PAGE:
Sleep is essential to an individual’s health and wellbeing and is a topic not to be taken lightly.
It’s an integral time in our day during which our bodies work to repair, recoup and prepare for the day’s work ahead.
Not only is our sleep a time to unwind physically, but mentally as well. As we sleep, our body works to repair muscle and strengthen itself, though it also regulates mood and stabilises hormones and emotions.
Without a great night’s sleep every night, we open our bodies to a higher risk of injury, a less happy day and far less productivity at school and work.
As we learn more about sleep, it’s becoming ever clearer that it’s the ‘activity’ that underpins everything in our lives. Without a proper sleep routine and good sleep hygiene, you’re really giving up a considerable portion of your life to a reduced life span, as well as reducing your levels of happiness throughout the day thanks to daytime sleepiness and potential mental health problems.
From various sleep studies, it’s now clear that a poor amount of sleep has severely detrimental impacts on millions of Australian each year, as research reveals that Aussies in all age groups are not sleeping enough overall.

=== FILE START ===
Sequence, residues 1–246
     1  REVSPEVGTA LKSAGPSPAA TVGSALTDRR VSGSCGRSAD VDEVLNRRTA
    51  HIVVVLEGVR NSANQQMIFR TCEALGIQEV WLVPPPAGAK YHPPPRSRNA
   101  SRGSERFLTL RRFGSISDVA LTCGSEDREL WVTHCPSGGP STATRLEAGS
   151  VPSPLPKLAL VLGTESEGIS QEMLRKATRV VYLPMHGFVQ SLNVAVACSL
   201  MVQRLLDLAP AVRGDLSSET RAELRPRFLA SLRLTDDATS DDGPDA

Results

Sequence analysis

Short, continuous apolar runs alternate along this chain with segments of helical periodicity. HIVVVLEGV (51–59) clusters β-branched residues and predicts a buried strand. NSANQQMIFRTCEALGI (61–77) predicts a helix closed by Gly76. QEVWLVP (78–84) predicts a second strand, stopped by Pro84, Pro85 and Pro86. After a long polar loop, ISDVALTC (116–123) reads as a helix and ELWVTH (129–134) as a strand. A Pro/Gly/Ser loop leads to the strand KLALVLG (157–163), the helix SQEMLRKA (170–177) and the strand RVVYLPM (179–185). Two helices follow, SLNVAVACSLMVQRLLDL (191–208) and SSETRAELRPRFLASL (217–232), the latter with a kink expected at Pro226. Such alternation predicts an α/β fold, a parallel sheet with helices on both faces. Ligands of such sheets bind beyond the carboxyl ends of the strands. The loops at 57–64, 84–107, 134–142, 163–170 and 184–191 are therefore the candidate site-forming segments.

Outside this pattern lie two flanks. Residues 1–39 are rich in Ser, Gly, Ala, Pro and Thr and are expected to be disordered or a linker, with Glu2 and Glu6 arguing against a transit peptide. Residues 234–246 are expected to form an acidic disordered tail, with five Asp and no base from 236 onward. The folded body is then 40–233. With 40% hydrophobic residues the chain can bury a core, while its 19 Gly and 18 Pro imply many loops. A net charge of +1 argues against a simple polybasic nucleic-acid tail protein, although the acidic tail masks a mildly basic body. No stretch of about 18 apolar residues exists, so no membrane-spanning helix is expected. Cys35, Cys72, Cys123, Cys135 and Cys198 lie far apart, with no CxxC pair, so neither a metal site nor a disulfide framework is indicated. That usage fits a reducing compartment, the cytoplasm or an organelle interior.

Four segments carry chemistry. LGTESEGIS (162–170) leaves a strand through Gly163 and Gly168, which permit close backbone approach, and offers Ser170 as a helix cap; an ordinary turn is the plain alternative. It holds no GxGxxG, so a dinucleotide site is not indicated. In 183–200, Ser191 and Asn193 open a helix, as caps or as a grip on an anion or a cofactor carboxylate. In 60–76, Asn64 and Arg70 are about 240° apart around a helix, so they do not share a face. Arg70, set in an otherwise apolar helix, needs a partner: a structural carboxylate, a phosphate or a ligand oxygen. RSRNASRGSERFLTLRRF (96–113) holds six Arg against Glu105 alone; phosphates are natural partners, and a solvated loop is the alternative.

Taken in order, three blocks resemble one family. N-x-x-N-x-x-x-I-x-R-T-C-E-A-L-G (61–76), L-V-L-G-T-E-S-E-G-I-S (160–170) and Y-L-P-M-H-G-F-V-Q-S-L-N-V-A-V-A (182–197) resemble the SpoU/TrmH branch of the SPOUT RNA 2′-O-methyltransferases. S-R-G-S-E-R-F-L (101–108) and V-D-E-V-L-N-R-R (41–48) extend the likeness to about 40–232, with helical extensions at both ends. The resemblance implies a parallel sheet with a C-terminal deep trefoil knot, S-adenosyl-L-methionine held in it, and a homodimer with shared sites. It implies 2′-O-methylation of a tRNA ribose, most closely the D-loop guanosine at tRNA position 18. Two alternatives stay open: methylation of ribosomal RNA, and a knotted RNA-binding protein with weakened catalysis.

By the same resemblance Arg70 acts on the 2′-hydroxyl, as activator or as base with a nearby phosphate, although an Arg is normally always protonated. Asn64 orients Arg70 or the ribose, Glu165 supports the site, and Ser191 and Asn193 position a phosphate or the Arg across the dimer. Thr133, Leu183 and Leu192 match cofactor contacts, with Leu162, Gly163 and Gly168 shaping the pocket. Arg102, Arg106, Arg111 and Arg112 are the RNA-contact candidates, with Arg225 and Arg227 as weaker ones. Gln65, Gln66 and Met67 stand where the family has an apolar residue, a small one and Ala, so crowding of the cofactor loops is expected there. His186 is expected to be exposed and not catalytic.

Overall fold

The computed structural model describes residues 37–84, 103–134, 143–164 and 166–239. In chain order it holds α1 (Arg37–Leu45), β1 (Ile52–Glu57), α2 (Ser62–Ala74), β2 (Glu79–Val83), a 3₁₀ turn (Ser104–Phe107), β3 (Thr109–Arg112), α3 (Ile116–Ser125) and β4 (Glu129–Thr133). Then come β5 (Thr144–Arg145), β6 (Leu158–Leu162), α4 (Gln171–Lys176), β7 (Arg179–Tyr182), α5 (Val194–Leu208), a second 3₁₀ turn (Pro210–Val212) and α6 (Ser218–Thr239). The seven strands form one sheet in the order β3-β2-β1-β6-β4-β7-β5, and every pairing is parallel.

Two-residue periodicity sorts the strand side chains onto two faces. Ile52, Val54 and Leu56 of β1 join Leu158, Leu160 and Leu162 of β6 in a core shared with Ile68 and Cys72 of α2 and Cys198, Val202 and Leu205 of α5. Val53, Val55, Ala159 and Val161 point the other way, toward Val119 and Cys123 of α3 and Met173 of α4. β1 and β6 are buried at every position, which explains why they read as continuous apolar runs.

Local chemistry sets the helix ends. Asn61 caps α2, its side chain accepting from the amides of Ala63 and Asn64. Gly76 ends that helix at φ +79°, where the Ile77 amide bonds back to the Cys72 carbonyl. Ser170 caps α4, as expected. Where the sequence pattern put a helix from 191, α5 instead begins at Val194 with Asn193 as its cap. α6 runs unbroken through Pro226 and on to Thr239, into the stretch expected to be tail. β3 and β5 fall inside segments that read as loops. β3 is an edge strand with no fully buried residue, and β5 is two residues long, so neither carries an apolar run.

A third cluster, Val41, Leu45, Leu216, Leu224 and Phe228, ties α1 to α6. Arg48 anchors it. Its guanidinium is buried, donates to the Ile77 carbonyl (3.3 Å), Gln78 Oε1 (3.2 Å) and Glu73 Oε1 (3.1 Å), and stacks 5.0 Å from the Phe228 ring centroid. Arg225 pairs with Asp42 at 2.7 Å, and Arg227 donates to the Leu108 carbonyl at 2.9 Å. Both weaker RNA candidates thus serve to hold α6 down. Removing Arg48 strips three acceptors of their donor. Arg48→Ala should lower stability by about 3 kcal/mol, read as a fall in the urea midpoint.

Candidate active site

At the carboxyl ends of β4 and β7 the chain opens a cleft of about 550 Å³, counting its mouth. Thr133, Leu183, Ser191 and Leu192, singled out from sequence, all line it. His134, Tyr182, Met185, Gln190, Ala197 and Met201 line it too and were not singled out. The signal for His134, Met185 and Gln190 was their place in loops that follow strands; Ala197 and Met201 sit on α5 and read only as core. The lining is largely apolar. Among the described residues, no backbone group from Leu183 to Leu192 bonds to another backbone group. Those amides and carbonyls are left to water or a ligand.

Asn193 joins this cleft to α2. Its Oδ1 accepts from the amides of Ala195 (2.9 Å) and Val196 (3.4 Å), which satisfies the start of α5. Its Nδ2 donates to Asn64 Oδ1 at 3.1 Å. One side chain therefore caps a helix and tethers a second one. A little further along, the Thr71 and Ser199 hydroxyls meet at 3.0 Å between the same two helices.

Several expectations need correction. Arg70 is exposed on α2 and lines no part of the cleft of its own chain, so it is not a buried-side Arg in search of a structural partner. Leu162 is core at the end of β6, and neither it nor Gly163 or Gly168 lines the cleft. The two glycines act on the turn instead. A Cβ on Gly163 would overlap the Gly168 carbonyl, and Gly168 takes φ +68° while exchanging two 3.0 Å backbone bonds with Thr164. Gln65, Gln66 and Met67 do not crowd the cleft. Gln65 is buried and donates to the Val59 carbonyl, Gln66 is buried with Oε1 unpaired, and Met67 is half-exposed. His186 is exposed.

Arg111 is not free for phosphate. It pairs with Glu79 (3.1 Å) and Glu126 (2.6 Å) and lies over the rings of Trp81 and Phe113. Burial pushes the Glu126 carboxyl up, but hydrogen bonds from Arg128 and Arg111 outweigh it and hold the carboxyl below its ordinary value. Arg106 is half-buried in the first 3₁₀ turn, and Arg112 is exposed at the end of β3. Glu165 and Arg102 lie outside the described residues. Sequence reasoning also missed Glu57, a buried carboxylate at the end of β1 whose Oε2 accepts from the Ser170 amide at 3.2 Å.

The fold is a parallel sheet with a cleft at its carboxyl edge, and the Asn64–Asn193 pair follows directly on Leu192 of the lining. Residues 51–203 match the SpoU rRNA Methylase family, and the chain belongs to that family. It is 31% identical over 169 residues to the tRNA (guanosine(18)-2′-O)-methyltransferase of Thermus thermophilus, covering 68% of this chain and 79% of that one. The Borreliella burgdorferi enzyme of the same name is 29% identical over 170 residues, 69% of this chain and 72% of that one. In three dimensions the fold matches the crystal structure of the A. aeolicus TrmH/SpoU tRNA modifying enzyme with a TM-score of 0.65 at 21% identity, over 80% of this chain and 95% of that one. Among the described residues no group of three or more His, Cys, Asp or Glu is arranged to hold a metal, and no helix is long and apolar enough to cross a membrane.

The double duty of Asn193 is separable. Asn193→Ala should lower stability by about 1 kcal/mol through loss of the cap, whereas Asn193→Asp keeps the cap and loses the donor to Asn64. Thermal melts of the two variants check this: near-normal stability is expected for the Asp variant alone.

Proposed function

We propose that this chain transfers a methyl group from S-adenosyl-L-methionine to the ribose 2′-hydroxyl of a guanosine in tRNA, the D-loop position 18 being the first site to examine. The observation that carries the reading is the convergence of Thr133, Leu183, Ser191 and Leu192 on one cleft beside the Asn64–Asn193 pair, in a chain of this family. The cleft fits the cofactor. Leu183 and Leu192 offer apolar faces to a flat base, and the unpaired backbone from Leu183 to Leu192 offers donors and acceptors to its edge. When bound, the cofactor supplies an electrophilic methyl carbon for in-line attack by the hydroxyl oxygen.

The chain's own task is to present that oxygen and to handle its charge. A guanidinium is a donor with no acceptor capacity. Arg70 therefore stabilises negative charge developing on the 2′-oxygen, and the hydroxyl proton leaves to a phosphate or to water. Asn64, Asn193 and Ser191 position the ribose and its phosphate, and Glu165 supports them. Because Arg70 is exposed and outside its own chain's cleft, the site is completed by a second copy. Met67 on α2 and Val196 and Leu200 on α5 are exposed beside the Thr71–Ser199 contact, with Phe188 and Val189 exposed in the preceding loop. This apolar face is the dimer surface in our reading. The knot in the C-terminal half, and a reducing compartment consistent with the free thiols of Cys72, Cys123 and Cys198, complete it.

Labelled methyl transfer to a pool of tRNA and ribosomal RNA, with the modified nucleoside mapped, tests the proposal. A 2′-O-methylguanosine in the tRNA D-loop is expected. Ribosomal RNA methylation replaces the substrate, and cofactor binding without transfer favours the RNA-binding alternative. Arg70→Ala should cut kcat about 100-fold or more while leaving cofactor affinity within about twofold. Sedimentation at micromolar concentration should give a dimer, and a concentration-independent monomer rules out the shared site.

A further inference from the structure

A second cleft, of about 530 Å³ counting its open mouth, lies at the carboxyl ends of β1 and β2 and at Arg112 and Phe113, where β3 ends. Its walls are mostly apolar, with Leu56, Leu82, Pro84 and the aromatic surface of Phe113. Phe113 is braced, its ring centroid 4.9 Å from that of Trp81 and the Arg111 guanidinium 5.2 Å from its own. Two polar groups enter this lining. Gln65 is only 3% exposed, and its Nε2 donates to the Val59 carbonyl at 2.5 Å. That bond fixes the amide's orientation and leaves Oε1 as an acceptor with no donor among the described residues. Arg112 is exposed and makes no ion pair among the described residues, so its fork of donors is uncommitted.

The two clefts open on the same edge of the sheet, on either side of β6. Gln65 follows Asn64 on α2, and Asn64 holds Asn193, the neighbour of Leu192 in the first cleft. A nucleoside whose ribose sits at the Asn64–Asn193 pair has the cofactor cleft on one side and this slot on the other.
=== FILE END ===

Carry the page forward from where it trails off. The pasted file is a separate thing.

Below we’ll take a look at some common sleeping disorders, the effects of insufficient sleep or sleep deprivation, the common symptoms associated and how companies and corporate investment in sleep are working to entice us all into a better night’s sleep.
Let’s take a look at Australia’s overall sleep trends.
Not Enough Sleep
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Studies by the Sleep Health Foundation reveal that 33-45% of Australian respondents are experiencing poor sleeping patterns, which is increasing fatigue and irritability along with poor workplace performance and ability to prevent accidents.
While women are the ones more likely to wake up earlier and have more difficulty sleeping, overall 8% of adults are sleeping over 9 hours on average, and 12% are sleeping less than 5 ½ hours (Sleep Health Foundation).
Ultimately, the results are becoming more concerning every year with a total 10% rise in poor sleeping patterns and short sleep duration from 2010 to 2018, and an average of three thousand lives claimed by poor sleep per year.
As is revealed by various sleep studies, poor sleep or chronic lack of sleep results in an increase in everything from risk of illness, accident and early death. Factor in the issue of Australian’s getting poorer and poorer sleep and our ability to safely undertake work and daily actions like driving is significantly decreased.